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Concerned about a friend.

(10 Posts)
Katek Sat 24-Mar-18 22:08:16

Unsure if this is the correct forum or if it should be under health, but I’m hoping for some suggestions from those with more experience of Alzheimer’s than I have

I have a dear friend aged 64 and I’m not sure if she’s showing very early signs of Alzheimer's. She’s always been a vague, absent minded sort of person-you can tell her things and they often don’t register. Shes also quite unworldly in many ways and I’m often surprised that she doesn’t seem to know about major news stories or even local news. In other ways she can be completely single minded in her focus if it’s sonething she wants to achieve. She’s always been that way but it does make it difficult to identify any changes.

There have been two incidents recently which have given me significant cause for concern, dangerous incidents in fact. In one she was crossing the road and stepped out pretty much in front of a car as she was so focussed on her bus coming. Driver had to brake hard to miss her. In the second incident she was was driving, saw a parking space on the other side of the road and pulled right across the path of an oncoming vehicle. This time the driver had to execute an emergency stop.

I just don’t know if this is her usual absent minded self or if it’s the start of something more significant. The incidents have been dangerous and that’s what’s making me concerned.

FarNorth Sat 24-Mar-18 22:19:21

Was she aware that she had done something dangerous?

A friend of mine, now in her nineties and not suffering any kind of dementia, gave up driving in her seventies as she had twice noticed herself pulling out to overtake before realising there was something coming.

Whether this is a new development or not, your friend shouldn't be driving if she is doing dangerous things.

MissAdventure Sat 24-Mar-18 22:22:42

There could be other reasons.
Is your friend going through a stressful time? Is she sleeping ok? Even vitamin deficiency can have a detrimental affect on mental agility. (Vitamin B, I think?)

Katek Sat 24-Mar-18 22:45:00

She was aware and quite shocked after the events but said she just hadn’t seen the vehicles. She is under work pressure a lot of the time but that’s nothing new and she’s certainly not done anything like this before.

MissAdventure Sat 24-Mar-18 22:49:12

It is a bit of a worry. My friend had a few near misses in her car, then an accident which she couldn't remember the details of. It was a few months later that she had a stroke.
Since then, we've wondered if perhaps she had been having mini strokes before, and not realised.

FarNorth Sun 25-Mar-18 11:24:32

It sounds like your friend should maybe consult her doctor.

My friend had no health problems, however, at the time or for many years after giving up driving.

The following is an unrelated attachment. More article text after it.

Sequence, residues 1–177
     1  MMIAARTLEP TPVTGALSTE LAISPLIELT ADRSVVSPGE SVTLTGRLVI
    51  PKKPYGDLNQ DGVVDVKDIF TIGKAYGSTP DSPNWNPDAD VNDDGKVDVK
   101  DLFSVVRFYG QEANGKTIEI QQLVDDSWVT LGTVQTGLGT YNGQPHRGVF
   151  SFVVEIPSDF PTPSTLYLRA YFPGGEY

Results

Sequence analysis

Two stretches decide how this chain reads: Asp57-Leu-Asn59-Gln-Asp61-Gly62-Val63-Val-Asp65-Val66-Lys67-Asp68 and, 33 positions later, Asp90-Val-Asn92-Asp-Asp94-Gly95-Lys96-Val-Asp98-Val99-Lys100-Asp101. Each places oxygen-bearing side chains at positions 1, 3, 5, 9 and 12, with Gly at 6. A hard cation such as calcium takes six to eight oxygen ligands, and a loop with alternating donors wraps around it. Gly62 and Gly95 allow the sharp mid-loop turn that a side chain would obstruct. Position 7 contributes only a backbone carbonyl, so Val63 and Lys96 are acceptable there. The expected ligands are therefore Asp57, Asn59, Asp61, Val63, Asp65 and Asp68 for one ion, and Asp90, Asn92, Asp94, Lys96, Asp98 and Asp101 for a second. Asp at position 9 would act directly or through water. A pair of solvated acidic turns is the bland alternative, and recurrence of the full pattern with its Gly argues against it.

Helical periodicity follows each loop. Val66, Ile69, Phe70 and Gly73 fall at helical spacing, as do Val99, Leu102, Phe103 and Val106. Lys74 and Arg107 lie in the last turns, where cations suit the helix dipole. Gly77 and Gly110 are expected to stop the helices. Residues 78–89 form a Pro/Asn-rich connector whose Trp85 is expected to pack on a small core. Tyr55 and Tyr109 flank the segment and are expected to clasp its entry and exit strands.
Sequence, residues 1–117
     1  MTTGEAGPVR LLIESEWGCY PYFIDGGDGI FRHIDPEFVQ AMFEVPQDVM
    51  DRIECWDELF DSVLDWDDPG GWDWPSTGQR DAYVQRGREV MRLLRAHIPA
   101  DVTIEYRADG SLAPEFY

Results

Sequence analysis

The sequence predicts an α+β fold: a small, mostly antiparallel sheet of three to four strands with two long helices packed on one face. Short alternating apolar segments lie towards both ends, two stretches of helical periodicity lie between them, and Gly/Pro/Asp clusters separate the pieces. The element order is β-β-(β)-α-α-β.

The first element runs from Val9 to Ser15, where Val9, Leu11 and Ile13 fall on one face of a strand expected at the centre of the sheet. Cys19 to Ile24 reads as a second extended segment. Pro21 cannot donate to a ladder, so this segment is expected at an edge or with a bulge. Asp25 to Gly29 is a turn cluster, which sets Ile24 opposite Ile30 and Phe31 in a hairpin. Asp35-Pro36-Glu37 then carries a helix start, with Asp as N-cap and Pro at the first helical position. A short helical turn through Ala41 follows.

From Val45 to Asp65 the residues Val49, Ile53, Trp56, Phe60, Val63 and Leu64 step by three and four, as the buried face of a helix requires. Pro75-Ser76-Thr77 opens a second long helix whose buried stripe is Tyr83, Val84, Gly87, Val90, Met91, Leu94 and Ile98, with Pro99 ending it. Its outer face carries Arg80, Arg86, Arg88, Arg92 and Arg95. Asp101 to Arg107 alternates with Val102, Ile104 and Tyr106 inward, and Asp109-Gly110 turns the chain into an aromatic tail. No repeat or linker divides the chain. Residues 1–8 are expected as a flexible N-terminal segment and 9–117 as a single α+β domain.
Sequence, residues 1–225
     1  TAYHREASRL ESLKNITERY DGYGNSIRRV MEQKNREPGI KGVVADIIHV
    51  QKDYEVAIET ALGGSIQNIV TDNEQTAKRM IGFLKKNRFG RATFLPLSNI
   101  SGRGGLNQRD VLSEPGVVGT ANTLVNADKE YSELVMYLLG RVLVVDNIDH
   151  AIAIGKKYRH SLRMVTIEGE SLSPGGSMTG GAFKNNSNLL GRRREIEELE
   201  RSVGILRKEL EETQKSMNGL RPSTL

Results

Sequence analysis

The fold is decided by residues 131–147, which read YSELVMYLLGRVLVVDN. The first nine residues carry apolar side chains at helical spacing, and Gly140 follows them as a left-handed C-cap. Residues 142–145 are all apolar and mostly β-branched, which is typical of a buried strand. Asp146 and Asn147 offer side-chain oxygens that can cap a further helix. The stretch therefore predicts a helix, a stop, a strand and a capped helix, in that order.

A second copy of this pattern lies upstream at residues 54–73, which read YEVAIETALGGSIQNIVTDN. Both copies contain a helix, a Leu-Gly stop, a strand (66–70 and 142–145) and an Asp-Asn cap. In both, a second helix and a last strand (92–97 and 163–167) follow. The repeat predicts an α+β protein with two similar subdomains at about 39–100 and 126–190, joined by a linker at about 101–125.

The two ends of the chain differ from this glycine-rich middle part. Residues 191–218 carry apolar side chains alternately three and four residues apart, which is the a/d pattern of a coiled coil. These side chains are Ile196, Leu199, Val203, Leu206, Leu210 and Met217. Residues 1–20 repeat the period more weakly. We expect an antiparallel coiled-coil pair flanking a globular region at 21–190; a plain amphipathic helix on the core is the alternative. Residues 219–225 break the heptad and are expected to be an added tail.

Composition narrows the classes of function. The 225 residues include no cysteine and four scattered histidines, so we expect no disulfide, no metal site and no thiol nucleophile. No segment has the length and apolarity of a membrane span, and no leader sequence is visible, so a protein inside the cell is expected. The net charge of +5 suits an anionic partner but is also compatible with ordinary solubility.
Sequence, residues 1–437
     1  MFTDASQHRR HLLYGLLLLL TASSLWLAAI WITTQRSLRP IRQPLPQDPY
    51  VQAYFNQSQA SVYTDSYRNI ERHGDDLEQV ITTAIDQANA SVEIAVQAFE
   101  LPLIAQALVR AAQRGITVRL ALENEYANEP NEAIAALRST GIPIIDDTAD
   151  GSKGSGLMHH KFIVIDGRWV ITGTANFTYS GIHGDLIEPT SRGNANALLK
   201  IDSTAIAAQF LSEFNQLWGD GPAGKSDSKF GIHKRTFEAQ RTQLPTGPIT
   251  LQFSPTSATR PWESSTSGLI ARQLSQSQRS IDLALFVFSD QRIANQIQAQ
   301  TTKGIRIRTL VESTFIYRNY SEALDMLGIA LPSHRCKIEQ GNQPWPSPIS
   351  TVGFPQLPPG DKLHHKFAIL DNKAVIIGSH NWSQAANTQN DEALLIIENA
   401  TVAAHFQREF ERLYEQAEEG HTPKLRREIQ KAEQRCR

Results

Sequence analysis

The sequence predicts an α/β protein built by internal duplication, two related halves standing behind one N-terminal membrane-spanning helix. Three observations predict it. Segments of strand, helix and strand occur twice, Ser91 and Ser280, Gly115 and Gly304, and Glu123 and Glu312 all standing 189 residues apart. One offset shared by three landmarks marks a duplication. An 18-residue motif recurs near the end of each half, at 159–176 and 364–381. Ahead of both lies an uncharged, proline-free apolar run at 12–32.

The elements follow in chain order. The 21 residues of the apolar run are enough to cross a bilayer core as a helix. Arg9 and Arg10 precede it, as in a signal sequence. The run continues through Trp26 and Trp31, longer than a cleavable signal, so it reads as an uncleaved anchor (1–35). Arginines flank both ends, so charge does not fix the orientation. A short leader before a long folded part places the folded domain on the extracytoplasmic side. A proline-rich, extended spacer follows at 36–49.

She just felt she couldn't trust her judgement in that area. I think she was very sensible.

grandtanteJE65 Sun 25-Mar-18 11:37:18

Sounds to me as if the pressure at work is affecting her. Have you suggested she has her eyesight checked? If she literally did not see the other vehicles, either her eyesight as altered or she is too stressed or tired.

Cold Sun 25-Mar-18 20:55:47

It sounds as though something is wrong - possibly a vision problem or the onset of dementia where her perception and executive functioning is affected and she is not able to "read" her surroundings and take acount of other traffic etc.

My mother had these problems when she developed Lewy Bodies dementia. We felt that her driving was getting to be dangerous - but had luck when she went into hospital for a planned operation and my brother "looked after her car keys" ... and forgot to bring them back.

With this type of dementia memory loss may mot be the main issue - Mum always passed standard Alzheimer's tests but she would sometime hallucinate and had difficulty understanding social situations and judge distance etc

from the NHS
As with other types of dementia, dementia with Lewy bodies typically causes problems with:
thinking speed
visual perception
memory (but significant memory loss may not occur until later on)

Feelingmyage55 Mon 26-Mar-18 19:32:27

The most straightforward option is to talk to her, kindly, and suggest a general checkup with her gp mentioning these incidents. If she agrees you might go meet her after the appointment for coffee, to talk things over. Anything else is second guessing. Take it from there. She is lucky to have you as a friend. If she doesn’t agree to see her gp. ... that might suggest she is worried and then you may need to step up your support. A lot of guessing; one step at a time.

Katek Mon 26-Mar-18 21:19:23

Thanks for advice/suggestions. I think I’ll try suggesting to her that it would do no harm to visit her GP. Other than that it’s wait and see and hope that there are no further incidents.